My Sundays are predictable. I wake up early, have my usual toast, orange marmalade and coffee; shower, get dressed and make the 9:30 church gathering.
Lunch with the family can be endless. Last week, we went all the way to early dinner at Din Tai Fung.
Everything was delicious. All were in high spirits, eating up a storm, talking about birthdays, making Christmas and New Year plans.
But just before dessert, we got the news of Leni’s resignation. The red bean dumplings were suddenly tasteless. It was not the chef’s fault.
Even the weather is weird. Have you noticed how it is blazing and humid one minute and wet and wild the next?
I watched the third Senate hearing. I am amazed how the shady, sleazy characters under scrutiny get more respect and deference than your average law-abiding citizen.
Please tell me this is all just a bad dream.
Then I watched CNN-Asia. And there she was, our own Margarita Fores, chosen and honored as Asia’s Best Chef. Good news about someone in the Philippines.
Isn’t that fantastic? Shot in the arm for this senior with flagging hope and faltering faith in the country. At last we take a bow.
Congratulations, Margarita. Thank you for a breath of fresh air.
No shame in repentance
A powerful picture was posted some days ago showing thousands of veterans on their knees at the site of protests in the Standing Rock Indian Reservation.
Calling themselves water protectors, protestors are up in arms against the construction of the Dakota Access Pipeline, which will transport 470,000 barrels of oil a day through four states.
The multibillion dollar project would destroy their only access to water and desecrate their burial and prayer grounds.
In the meantime, fierce blizzards and well-funded dispersal attempts by county police troops have not discouraged the Standing Rock Sioux tribe and their allies. They have remained firm.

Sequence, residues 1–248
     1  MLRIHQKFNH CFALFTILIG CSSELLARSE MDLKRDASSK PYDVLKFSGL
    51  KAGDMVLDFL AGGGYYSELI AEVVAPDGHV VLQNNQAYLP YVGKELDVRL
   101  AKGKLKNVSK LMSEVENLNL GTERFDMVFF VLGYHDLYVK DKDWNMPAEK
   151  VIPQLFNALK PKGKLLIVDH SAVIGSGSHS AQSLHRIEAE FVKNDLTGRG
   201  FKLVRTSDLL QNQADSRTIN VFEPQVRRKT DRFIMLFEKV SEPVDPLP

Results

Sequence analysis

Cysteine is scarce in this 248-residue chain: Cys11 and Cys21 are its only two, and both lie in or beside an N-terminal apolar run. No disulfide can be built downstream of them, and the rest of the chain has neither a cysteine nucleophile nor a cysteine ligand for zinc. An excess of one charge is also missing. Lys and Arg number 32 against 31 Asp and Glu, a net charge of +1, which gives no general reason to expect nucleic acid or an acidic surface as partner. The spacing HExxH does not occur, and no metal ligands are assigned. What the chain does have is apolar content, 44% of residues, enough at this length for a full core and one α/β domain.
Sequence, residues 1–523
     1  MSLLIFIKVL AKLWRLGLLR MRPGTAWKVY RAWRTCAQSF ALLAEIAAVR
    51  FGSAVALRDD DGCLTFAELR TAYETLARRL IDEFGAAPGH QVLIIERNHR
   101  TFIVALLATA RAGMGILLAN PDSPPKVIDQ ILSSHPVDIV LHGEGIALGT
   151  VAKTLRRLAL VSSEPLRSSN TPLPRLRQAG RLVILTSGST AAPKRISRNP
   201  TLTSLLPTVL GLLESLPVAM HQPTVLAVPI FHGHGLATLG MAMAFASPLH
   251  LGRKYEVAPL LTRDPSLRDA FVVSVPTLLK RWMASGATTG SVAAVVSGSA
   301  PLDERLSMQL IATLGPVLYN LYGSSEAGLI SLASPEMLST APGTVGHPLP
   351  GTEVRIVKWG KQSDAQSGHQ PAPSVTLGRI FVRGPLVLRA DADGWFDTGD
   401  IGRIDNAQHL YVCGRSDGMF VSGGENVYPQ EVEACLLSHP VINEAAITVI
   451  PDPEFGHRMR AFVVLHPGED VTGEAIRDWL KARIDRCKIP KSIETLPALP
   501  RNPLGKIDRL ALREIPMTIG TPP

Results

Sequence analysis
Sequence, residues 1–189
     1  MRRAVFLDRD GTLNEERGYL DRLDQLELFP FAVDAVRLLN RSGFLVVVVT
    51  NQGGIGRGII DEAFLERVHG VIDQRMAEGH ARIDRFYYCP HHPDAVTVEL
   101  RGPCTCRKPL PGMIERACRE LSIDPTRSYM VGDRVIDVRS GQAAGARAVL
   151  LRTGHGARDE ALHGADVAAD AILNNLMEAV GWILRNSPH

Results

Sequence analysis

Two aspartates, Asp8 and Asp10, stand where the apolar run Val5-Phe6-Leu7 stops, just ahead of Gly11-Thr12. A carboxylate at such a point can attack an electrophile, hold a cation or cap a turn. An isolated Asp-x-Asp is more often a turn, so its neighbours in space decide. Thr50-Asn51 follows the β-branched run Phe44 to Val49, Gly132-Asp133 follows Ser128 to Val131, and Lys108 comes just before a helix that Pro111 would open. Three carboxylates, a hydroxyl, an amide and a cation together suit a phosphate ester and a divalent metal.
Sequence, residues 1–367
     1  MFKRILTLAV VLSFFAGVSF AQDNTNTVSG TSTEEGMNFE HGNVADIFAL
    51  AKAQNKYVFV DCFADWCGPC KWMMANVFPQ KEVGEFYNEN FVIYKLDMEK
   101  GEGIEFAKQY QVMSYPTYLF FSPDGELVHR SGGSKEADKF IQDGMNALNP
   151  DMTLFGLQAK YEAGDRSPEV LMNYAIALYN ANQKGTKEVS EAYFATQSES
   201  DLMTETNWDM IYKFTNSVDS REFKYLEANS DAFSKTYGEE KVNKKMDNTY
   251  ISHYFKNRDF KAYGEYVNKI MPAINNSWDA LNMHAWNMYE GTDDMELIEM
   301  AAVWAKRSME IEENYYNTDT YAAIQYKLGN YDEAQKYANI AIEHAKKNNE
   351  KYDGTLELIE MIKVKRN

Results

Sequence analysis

Timothy Egan of the New York Times describes the Natives as “not bitter, and see this stand in spiritual terms.”
He interviewed a young leader. Her words: “In the face of this, we pray. In the face of this, we love. In the face of this, we forgive. Because the vast majority of water protectors know this is the greatest battle of all: to keep our hearts intact.”
Oh what strength and conviction, the kind we rarely see hereabouts.
In the meantime, 2000 US military veterans found common cause with the protestors and vowed to descend on the site and act as unarmed human shields.
News channels worldwide and the social media recently carried dramatic pictures of the moment that Wesley Clark Jr., an organizer of Veterans Stand for Standing Rock, faced the tribe elders of the Lakota Sioux tribe and apologized.
“We came here to be the conscience of the nation. And within that conscience we must first confess our sins to you, because many of us, me in particular, are from the units that have hurt you over the many years. We came. We fought you. We took your land. We signed treaties that we broke. We stole minerals from your sacred hills. We blasted the faces of our presidents onto your scared mountain. Then we took still more land and then we took your children and then we tried to take your language and we tried to eliminate your language that God gave you and the Creator gave you. We didn’t respect you. We polluted your earth.”
At this point, the veterans fell on their knees in contrition.
“We’ve hurt you in so many ways, but we’ve come to say that we are sorry, we are at your service and we beg for your forgiveness.”
Such humility. Such heart.
Prelude to Christmas
Two more weeks and it will be Christmas Day. My sister sent me the link of an old James Stewart television special “Mr. Kreuger’s Christmas,” the story of a lonely old widower who lived in the basement with his cat.
It is Christmas Eve and he walks among the merrymakers and imagines himself leading an orchestra, on a sleigh ride and, finally, with shepherds at the scene of the First Christmas. And he talks to the baby Jesus. I have chosen a few lines.
“I’m Willy Krueger, a custodian—but you know that, don’t you? I guess nobody here can see me or hear me except you. I didn’t bring a gift. I guess that’s not important.
“Thank you for everything you’ve done for me.
“As long as I can remember you’ve been right by my side. I’ll never forget when you walked with me right in those first few hours after I lost Martha. I’ve always been able to count on you, when I felt dark inside. You were right there, every time, right there.
“Even when I didn’t feel good about myself, I knew that you cared for me enough, and that made me feel better.
“Like that time I got mad with Mabel Huntington. Boy, I hollered at her. But then, I got to thinking—you loved Mabel just as much as you loved me and I should treat her the way you want me to.
“I love you. You’re my closest, my finest friend. And that means that I can hold my head high, wherever I go. Thank you.”
If you were there at the manger, what would you say?